Western countries' latest round of isolation of and sanctions against Russia further dim the prospect of peace talks, and will only lead to more bloodshed, more sacrifice during the Russia-Ukraine conflict, and more property loss worldwide, said Chinese experts after Western countries attempted to frame a statement condemning Moscow at the G20 gathering, and the EU slapped a new round of sanctions against Russia.
In order to provide a solution for the current deadlock, China on Friday unveiled a peace plan on solving the crisis. The plan, although widely welcomed by relevant parties, was smeared by the US as "not rational." Experts believe the groundless accusations exposed the US' selfish desire of not wanting the conflict to end, and its attempt to dwarf China's influence on negotiating global affairs.
In a two-day gathering of G20 finance ministers in Bengaluru, India, which ended on Saturday, some members were plotting to sign a joint communiqué to denounce Russia on its conflict with Ukraine. But the effort failed due to opposition from Russia and China, and India also shied away from making a clear point whether to join the condemnation, media reported.
Meanwhile, The EU and some Western countries, including the US and the UK, slapped a new round of sanctions against Russia in the nick of time on Friday, including further export bans worth more than $11.6 billion, sanctions on about 120 Russian individuals and entities and a new reporting obligation on Russian Central Bank assets, according to a document published by the EU on Saturday.
The slew of sanctions are anticipated to have very limited impact on Russia. "They are just diplomatic and symbolic gestures from the Western countries to vent out their frustrations," said Li Ziguo, a senior research fellow with the China Institute of International Studies.
Western nations have already exhausted their repertoire of sanctions against Russia, including sanctions on Russia's crude oil and natural gas.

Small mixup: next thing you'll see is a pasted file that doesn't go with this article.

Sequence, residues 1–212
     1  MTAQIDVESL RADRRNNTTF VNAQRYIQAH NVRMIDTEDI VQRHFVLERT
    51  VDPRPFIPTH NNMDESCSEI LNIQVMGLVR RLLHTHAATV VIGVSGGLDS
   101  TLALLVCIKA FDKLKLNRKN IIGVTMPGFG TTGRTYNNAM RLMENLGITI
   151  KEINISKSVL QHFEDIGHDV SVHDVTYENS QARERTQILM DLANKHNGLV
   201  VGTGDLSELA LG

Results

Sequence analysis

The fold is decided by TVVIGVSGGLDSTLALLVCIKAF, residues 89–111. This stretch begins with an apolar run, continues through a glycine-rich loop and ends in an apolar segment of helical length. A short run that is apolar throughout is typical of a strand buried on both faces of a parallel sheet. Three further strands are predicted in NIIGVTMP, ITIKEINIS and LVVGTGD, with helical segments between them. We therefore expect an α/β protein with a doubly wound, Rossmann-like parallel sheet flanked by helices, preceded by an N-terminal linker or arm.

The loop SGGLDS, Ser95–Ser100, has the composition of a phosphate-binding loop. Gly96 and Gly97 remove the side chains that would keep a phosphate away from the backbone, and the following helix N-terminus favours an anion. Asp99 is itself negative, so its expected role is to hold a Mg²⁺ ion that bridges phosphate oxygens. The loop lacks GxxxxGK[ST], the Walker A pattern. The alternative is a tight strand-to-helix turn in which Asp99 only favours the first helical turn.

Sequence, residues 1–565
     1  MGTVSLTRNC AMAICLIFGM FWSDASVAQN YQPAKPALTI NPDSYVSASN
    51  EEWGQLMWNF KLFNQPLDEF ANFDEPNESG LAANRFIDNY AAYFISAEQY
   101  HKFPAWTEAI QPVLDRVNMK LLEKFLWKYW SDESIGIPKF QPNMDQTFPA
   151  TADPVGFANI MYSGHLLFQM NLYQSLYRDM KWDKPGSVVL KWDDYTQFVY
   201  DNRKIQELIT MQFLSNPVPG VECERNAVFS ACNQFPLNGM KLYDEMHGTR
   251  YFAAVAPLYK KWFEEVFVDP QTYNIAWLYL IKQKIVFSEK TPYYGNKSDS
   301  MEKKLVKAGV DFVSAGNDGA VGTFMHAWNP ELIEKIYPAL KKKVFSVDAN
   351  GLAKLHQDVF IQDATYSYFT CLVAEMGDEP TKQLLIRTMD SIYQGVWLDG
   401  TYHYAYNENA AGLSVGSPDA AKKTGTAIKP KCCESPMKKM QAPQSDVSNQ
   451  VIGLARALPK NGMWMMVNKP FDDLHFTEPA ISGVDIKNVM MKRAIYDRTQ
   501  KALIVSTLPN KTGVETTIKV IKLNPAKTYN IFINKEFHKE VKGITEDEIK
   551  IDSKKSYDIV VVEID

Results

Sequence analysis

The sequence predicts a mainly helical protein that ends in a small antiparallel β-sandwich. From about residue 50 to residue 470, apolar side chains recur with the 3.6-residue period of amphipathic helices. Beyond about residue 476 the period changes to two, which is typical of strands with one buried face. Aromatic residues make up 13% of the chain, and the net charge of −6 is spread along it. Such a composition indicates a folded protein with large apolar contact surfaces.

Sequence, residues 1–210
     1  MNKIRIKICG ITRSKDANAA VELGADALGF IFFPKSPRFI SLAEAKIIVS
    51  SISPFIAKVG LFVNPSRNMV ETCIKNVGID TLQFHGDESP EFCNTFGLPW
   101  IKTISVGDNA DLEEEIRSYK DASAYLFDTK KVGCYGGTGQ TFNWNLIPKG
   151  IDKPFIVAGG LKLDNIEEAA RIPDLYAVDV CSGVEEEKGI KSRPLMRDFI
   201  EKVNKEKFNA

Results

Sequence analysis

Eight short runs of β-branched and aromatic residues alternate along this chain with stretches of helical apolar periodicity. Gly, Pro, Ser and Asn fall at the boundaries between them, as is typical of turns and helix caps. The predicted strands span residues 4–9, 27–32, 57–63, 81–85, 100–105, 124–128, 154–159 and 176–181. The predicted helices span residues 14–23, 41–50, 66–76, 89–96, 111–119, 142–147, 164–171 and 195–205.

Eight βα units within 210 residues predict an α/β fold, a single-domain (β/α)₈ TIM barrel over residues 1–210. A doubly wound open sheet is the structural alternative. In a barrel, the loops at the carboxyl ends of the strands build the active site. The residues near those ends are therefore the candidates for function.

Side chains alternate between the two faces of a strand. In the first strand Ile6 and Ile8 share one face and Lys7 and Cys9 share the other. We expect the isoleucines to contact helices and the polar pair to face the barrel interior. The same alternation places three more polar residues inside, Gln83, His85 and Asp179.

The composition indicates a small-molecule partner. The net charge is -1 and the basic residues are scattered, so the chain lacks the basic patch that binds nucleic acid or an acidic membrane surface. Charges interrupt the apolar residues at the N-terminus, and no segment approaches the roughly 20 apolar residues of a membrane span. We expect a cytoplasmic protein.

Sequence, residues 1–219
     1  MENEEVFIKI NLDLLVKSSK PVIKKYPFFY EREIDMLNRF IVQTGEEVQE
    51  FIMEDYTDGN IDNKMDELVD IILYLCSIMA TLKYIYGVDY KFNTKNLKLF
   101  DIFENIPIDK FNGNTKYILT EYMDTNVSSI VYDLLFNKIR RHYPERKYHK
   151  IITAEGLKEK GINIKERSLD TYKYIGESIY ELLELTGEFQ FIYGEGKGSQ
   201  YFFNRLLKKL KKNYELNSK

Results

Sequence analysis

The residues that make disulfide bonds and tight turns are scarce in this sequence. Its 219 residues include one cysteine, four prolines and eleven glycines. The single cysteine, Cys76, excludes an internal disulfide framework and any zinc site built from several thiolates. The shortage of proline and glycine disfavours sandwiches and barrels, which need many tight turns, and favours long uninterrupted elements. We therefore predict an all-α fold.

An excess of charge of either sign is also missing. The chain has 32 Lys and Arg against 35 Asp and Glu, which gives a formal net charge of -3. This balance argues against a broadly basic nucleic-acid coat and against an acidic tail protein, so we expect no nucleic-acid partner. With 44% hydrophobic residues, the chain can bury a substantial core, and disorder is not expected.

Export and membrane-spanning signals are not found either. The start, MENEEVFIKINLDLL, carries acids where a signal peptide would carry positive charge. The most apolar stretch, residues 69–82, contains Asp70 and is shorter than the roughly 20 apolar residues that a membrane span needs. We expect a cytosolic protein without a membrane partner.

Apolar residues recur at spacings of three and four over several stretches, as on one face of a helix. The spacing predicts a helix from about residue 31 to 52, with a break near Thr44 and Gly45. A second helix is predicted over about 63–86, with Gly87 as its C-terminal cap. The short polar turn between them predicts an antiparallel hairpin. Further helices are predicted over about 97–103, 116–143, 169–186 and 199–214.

"The decoupling of energy and trade between Russia and Europe and the US was long formed after the first rounds of sanctions," Li noted. Russia, on the other hand, is also working out ways to offset the impact of West's sanctions, said Li.
Russia's economy contracted by 2.1 percent in 2022, the federal statistics service said on Feburary 20, shrinking less than anticipated despite the sanctions.
Further isolating Russia on the international stage and slapping sanctions have only made prospects of peace talks or using political means to solve the conflict dim, Zhang Hong, an associate research fellow at the Institute of Russian, Eastern European and Central Asian Studies of the Chinese Academy of Social Sciences, told the Global Times.
"Such impulse actions may help Western countries vent out their frustration and feel better for a minute, but it will cause more bloodshed, more sacrifice and bigger property loss as it further fuels the conflict," said Zhang.
Several hundred protesters gather for an anti-war demonstration to oppose US military aid to Ukraine in front of the Lincoln Memorial in Washington DC on February 19, 2023. The rally's organizers and speakers also called for the Pentagon's budget to be slashed and NATO to be disbanded. Photo: VCG.